Edward Goreys Haunted Looking Glass book coverGhosts in the graveyard. Knocks at the door when no one is there. Houses cursed with madness. In our experience, horror that is only hinted can be much more terrifying than outright gore. Let the masters add an extra thrill to otherworldly nights with Edward Gorey’s Haunted Looking Glass. Fall under the spell of “The Monkey’s Paw” by W.W. Jacobs or of “The Dream Woman” by Wilkie Collins. Stories from none other than Bram Stoker, Charles Dickens, and Robert Louis Stevenson will make you think twice about trusting your own eyes and ears. Each gothic chill is prefaced by one of Edward Gorey’s original creepy-cute illustrations. Whether you prefer the odd or the truly frightening, this collection will satisfy your hunger for spooky.

By Cathleen, Readers' Advisor on October 28, 2013 Categories: Books, Horror, Literary

“A Fantastic Portrayer of Human Beings”

Away from Her book coverThe winner of the 2013 Nobel Prize in Literature is Alice Munro, lauded by the Swedish Academy as a “master of the contemporary short story.” She is the first Canadian citizen and only the thirteenth woman to be awarded this honor. Earlier this year Munro stated that Dear Life (2012), her fourteenth collection, would be her last. Many know her story “The Bear Came Over the Mountain,” about a devoted couple’s struggle with Alzheimer’s, through the film adaptation Away from Her. Other successes include The View from Castle Rock (2006) and Too Much Happiness (2009).  Often likened to a modern-day Chekhov, Munro was praised by the Academy’s Permanent Secretary as “a fantastic portrayer of human beings.” What better invitation might a reader need?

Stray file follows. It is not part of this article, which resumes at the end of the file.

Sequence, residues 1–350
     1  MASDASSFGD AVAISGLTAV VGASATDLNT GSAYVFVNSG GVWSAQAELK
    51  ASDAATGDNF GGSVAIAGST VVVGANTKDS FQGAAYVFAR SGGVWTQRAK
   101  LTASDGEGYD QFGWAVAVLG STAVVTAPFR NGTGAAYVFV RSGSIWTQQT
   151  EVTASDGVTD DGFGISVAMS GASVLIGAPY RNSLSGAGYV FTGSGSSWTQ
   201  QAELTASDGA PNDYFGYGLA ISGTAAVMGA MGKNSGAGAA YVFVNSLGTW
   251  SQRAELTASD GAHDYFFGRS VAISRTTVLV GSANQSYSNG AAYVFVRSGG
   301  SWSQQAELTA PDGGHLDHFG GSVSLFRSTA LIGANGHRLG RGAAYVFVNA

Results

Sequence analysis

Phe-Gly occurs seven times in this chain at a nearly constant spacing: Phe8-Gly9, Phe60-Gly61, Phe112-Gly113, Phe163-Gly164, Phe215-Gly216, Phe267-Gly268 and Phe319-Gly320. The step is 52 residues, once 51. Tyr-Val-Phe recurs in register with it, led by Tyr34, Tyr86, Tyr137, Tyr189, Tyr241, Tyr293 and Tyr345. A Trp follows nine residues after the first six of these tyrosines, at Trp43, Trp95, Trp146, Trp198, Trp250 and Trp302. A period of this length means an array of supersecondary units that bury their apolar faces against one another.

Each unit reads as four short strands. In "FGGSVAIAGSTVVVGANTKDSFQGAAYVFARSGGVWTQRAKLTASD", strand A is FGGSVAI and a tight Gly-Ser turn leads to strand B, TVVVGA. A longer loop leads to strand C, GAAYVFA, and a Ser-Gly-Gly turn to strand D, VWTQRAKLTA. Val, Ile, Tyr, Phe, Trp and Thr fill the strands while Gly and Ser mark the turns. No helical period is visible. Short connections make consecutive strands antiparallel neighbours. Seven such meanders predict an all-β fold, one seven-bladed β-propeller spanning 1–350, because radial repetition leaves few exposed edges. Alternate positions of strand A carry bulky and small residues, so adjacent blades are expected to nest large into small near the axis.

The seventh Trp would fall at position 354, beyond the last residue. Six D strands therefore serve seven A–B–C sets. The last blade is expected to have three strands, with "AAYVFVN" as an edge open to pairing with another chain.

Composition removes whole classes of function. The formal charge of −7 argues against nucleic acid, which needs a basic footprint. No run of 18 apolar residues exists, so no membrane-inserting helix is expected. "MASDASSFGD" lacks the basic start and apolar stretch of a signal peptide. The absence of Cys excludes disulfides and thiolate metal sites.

By Cathleen, Readers' Advisor on October 14, 2013 Categories: Awards, Books, Literary

LISTS: Southern Gothic Fiction

Everything That Rises Must Converge book coverSouthern Gothic fiction is sinister and sometimes surreal writing that takes place in the American South. Flannery O’Connor, a leading author in the genre, said, “All my stories are about the action of grace on a character who is not very willing to support it, but most people think of these stories as hard, hopeless, and brutal.”

Click here for  the work of O’Connor and other Southern Gothic writers.

By Readers' Advisor on October 11, 2013 Categories: Books, Lists, Literary

Winking with Proust